Tips for Effective Decluttering

If we’re decluttering, we want all of our work to be effective, right?
We want it to accomplish something.
We want to see a change.
We want to make our lives easier because of decluttering.
For so many years, I decluttered all the time and I never saw a difference in my home. So today I’m going to tell you how to declutter in a way that you will see a difference in your home.
The typical way to declutter is to open up a cupboard and look at it and say to ourselves,
“Hmm, what can I live without?”

But when we approach it in that way, it’s as if we have to give up comfort for ourselves.

It’s approaching decluttering as a negative, very much like dieting when we say,
“Oh, I’m on a diet so I can’t eat any of the good stuff.”
Or when we’re trying to save money. Maybe we’re saving money for something wonderful like a vacation and we say to ourselves, “Nope, I can’t hit up Starbucks today because I just can’t afford that.”
We don’t want to save money when we think about it like that!
We don’t want to be on a diet if we think we can’t eat anything delicious and we don’t want to declutter if we think we have to get rid of all the things that make us comfortable.
But if you long to declutter enough so that you see a difference in your home and your home is easy for you to care for then you have to just switch that thought in your mind.
We’re decluttering because we have too much, we have an abundance.

Decluttering is a good thing. Eating healthy is a good thing. Saving money is a good thing.

It benefits us.
It benefits our future selves.
And our future selves are going to look back and they’re going to say, “Oh my gosh, thank you for doing all that work. You’ve made my life so much better.”
That’s what we want.
We don’t want to approach it as if we’re torturing ourselves.
We’re not getting rid of things so that we suffer in this life.
We’re getting rid of things so we can enjoy our life more, so we can live better.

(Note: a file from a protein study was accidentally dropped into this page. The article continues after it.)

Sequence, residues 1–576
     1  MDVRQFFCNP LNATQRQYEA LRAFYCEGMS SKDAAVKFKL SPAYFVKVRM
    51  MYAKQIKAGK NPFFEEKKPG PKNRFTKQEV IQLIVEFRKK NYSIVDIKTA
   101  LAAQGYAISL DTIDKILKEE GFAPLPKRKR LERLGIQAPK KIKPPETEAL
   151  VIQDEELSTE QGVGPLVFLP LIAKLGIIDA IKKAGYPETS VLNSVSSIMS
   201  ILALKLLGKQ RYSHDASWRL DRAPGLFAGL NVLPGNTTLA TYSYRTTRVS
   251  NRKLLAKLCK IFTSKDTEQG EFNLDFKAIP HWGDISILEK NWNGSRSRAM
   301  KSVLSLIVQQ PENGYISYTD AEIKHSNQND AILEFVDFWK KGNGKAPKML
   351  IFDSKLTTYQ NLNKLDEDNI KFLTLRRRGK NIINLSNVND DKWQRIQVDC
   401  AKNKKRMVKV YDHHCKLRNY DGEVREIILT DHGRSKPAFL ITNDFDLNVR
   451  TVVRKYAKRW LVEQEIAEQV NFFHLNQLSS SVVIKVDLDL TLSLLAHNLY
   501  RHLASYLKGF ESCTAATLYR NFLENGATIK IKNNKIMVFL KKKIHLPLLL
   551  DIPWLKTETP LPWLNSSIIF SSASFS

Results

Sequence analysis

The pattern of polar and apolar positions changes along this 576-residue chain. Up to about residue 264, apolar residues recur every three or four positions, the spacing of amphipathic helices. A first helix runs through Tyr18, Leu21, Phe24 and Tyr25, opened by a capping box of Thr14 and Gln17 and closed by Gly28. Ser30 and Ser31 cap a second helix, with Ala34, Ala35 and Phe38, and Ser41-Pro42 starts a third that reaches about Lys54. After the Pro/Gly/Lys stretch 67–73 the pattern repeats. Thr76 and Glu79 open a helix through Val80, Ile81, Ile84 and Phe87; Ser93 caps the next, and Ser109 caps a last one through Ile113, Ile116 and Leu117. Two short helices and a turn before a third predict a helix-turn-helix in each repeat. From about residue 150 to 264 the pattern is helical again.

Decluttering means getting rid of the excess so we can enjoy the best.

If you had two part-time jobs that were running you ragged and you found a full-time job that paid you exactly what you needed, would you be afraid to get rid of those part-time jobs?
No, we would do it with joy, because we’d be thankful that we have the ability to have this full-time job.
We’re able to give up those things for something better.
When we’re saving money, we’re able to give up driving through and getting coffee all the time so that we can enjoy that lovely vacation we’re planning.
As with decluttering our house, we’re letting go of the excess because we’re looking forward to that house that’s easy to maintain.
A house that serves us.
A house that we can open the doors and let people in at a moment’s notice because it’s clean and tidy, and it’s clean and tidy because there’s not a lot of clutter that we have to shuffle around anymore.
It’s all put away and taken care of.

So shift that question from, “what do I want to get rid of” to “what do I actually want to keep?”

The focus shifts from a place of lack or scarcity to what brings value or adds value to our lives?
One of the most important questions we can ask ourselves as we’re decluttering is:
Does this help me live the life that I want to live?

What is the life that you want to live?

If you’re planning a trip to the Arctic, would it make sense to pack a whole bunch of bathing suits and sunscreen, and beach toys?
No, that’d be silly.
It would take up extra room and you’re not going to use it. It would cause so much more work for you to have to pack it and haul it around!
That’s what the extra stuff is doing in our lives.
We might think it’ll be useful, but just like the beach toys in the Arctic, it’s not really useful to us.
It’s causing us more work, more effort, more energy just in moving it, shuffling it, cleaning it, taking care of it, organizing it, all of that.
It’s causing us so much more work and it’s not bringing any value to this life that you want to live.
Growing up I had a lot of stationery. I grew up before the internet, before we had email, before we had cell phones. And we moved around when I was younger so I had friends all over the country and we would write letters to each other.
Because of that, I had a large collection of absolutely beautiful stationery; the envelopes, the papers, the stickers, all the things.
And I loved them and I wanted to be that genteel lady who would sit down in her silky gown and sipping a cup of tea as she elegantly wrote out letters.
But the truth is I would use my gel pens and write on a plain piece of notebook paper and send it to my friends.
Then the internet came along and we had email and we could email each other all the time. And now there are cell phones and messenger apps, so no one needed to use any of that stationary.
All that stationary that I had saved up, just sat.
It caused more work for me. I’d move it around in my house in whatever closet I had or in the basement, wherever it was kept.